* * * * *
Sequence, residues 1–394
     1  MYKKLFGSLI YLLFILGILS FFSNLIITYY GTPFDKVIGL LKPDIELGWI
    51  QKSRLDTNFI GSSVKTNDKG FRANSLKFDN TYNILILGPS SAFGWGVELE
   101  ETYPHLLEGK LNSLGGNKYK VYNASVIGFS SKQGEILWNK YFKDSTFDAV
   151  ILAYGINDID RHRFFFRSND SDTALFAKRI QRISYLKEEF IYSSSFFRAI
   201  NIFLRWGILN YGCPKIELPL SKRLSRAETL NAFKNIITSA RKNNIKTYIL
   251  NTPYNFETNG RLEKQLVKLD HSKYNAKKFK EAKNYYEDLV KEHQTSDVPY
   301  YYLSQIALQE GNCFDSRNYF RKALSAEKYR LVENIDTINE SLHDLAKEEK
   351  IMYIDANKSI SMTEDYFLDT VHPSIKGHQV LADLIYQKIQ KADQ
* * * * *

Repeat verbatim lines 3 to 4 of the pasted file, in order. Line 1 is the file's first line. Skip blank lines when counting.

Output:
    51  QKSRLDTNFI GSSVKTNDKG FRANSLKFDN TYNILILGPS SAFGWGVELE
   101  ETYPHLLEGK LNSLGGNKYK VYNASVIGFS SKQGEILWNK YFKDSTFDAV